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Reviews of Educational Material  |   February 2000
High Altitude Medicine.
Author Notes
  • Professor of Anesthesiology
  • Associate Professor of Pulmonary and Critical Care Medicine
  • Department of Anesthesiology
  • Medical Director
  • Center for Hyperbaric Medicine and Environmental Physiology
  • Duke University Medical Center
  • Durham, North Carolina 27710
Article Information
Reviews of Educational Material
Reviews of Educational Material   |   February 2000
High Altitude Medicine.
Anesthesiology 2 2000, Vol.92, 634. doi:
Anesthesiology 2 2000, Vol.92, 634. doi:
High Altitude Medicine. By Herbert N. Hultgren. Stanford, Hultgren Publications, 1997. Pages: 550. Price: $59.95.
In medical practice, hypoxemia is a situation that most clinicians attempt to avoid; however, other persons voluntarily subject themselves to hypoxia of a greater degree than would be tolerated by most clinicians. When a New York City resident with normal pulmonary gas exchange arrives via  airplane in La Paz, Bolivia (altitude 12,730 ft, 3,883 m), shortly after leaving the aircraft his arterial partial pressure of oxygen (PO2will be close to 50 mmHg. Oxyhemoglobin saturation will be near 80% and will drift even lower during sleep. Surprisingly, hypoxemia of this degree has few detrimental effects, at least initially. Physiological compensation is capable of offsetting the reduction in arterial oxygen content by an increase in blood flow, allowing tissue oxygen delivery to be maintained at rest or during light exercise. Within a few hours, the majority of visitors to such high altitudes will experience symptoms of acute mountain sickness, including nausea, vomiting, headache, and lethargy. Some will experience the more deadly forms of high-altitude pulmonary edema (HAPE) and cerebral edema (HACE).
If acute mountain illness is not severe enough to warrant descent to lower altitudes, the symptoms usually resolve and physical performance improves. Nearly 40 million people live comfortably at altitudes greater than 8,000 feet (2,440 m), and more than 1 million people live in La Paz. After several months or years at high altitude, only a few persons have altitude-related problems, particularly a syndrome of dyspnea, impaired mental function, and pulmonary hypertension known as chronic mountain sickness. In this condition, polycythemia is usually extreme, with hematocrit often approaching 90%.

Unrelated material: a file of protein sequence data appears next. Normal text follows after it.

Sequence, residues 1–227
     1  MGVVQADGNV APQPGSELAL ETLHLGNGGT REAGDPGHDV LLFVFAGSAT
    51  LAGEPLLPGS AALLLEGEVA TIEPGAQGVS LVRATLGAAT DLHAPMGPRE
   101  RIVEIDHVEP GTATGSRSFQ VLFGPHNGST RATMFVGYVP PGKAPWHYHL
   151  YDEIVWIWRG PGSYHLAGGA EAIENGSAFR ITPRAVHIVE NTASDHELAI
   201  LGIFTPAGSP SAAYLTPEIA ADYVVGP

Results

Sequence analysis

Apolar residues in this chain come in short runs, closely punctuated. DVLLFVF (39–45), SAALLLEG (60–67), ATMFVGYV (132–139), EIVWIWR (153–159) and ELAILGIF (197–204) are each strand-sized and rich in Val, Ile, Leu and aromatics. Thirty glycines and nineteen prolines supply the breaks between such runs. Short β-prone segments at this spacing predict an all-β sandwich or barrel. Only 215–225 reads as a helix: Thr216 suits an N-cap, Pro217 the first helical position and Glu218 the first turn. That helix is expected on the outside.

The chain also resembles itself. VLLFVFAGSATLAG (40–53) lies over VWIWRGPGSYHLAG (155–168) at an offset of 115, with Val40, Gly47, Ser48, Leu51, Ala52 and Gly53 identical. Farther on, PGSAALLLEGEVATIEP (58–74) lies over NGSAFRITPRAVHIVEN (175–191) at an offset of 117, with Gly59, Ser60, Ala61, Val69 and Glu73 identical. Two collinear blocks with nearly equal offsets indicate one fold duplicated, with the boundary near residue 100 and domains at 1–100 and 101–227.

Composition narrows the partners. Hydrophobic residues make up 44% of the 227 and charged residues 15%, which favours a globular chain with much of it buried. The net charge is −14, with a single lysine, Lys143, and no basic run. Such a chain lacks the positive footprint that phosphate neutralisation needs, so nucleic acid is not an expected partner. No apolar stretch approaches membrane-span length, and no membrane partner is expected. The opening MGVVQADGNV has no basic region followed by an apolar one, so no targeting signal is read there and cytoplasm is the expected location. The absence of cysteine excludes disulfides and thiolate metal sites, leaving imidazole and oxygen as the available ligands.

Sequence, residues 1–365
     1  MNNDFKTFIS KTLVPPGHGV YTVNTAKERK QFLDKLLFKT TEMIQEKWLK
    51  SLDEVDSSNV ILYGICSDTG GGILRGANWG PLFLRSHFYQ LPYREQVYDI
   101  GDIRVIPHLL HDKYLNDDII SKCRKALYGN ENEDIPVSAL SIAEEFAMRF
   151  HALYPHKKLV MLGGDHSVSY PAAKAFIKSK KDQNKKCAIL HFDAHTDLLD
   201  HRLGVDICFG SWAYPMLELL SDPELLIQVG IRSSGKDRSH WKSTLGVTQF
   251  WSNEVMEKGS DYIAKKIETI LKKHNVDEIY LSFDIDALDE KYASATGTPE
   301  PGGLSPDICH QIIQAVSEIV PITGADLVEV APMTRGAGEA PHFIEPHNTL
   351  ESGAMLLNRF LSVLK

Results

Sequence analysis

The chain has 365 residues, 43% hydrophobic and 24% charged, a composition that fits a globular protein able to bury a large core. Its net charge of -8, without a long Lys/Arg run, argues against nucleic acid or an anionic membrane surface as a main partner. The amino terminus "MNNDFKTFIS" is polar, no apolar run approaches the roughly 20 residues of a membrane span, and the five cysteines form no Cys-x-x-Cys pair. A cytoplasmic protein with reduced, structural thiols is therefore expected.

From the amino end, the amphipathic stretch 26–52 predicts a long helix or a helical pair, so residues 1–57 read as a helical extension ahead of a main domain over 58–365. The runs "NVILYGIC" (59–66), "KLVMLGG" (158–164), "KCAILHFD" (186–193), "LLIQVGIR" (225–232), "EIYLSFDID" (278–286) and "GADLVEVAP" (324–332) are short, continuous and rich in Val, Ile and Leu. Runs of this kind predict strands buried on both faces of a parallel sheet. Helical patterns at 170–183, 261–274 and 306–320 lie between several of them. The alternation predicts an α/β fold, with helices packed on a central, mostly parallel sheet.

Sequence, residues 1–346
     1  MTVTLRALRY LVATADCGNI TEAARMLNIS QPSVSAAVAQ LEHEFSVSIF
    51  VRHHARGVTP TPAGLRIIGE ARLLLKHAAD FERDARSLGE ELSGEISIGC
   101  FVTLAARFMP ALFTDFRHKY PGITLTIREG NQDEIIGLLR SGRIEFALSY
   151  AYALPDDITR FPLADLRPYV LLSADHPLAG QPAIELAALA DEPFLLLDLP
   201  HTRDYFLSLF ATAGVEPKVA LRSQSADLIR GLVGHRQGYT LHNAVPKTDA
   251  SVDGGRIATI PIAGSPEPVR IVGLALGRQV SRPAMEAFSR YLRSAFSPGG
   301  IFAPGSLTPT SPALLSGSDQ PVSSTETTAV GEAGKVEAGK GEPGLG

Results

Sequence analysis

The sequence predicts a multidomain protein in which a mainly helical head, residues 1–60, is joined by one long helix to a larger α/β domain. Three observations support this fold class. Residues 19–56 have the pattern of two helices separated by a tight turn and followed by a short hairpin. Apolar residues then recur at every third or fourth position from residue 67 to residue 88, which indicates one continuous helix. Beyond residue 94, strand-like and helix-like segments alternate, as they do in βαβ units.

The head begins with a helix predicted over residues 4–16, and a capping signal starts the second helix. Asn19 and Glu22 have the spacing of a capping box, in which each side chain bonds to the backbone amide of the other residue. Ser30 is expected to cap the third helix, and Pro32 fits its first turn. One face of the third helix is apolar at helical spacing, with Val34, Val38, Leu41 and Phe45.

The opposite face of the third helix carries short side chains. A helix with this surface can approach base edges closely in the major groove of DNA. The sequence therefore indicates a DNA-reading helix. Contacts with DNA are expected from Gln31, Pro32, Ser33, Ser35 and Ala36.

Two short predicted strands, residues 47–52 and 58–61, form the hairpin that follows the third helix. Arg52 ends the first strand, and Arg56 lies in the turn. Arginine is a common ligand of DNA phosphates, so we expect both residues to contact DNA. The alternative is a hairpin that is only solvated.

Large numbers of hikers and skiers willingly subject themselves to mild hypoxemia, and mountain climbers experience severe hypoxemia during climbs to the summits of Mount Everest and other peaks where the PO2in the ambient air and arterial blood are only 55 and 30 mmHg, respectively. Physiological investigations of human performance at high altitude have been driven by interest in how people can survive in such seemingly adverse conditions. These studies of humans at altitude have provided a wonderful window into the mechanisms of compensation for and adaptation to hypoxia.
High-altitude physiology is beautifully described in this book, which provides an exhaustive review of altitude-related conditions and their management. There are chapters concerning respiration, the systemic and pulmonary circulations, red cell and plasma volume regulation, the central nervous system, endocrine system, nutrition, water, electrolyte and acid–base balance, sleep, exercise, and acclimatization to altitude. Especially well-done is the section about HAPE, an area in which Hultgren performed some of the first systematic clinical observations. A separate chapter is devoted to physiological and clinical conditions experienced at altitude in women. Clinical chapters include acute and chronic mountain sickness, systemic edema, thromboembolism, headache, pulmonary hypertension, retinal hemorrhage, and syncope, along with information of the effects of altitude on patients with pulmonary disease, congenital and valvular heart disease, hypertension, sickle cell disease, obesity, diabetes, epilepsy, and pregnancy. The effects of age on altitude performance are also discussed. It appears that elderly populations are more likely to experience subclinical pulmonary edema; however, the exploits of some elderly persons have been astounding, e.g.  , Mount Fuji, with an altitude of 12,395 ft (5,460 m), has been climbed by a centenarian!
Hultgren’s writing style makes this book an easy read even for those whose interest in the subject is only casual. Numerous graphs, tables, and photographs provide ample illustration. To Hultgren’s credit, the book is heavily referenced and has a detailed index. For the clinician who practices at altitude or who advises high-altitude travelers, and for anyone interested in learning the gamut of altitude physiology, this book is indispensable—and a steal at $59.95.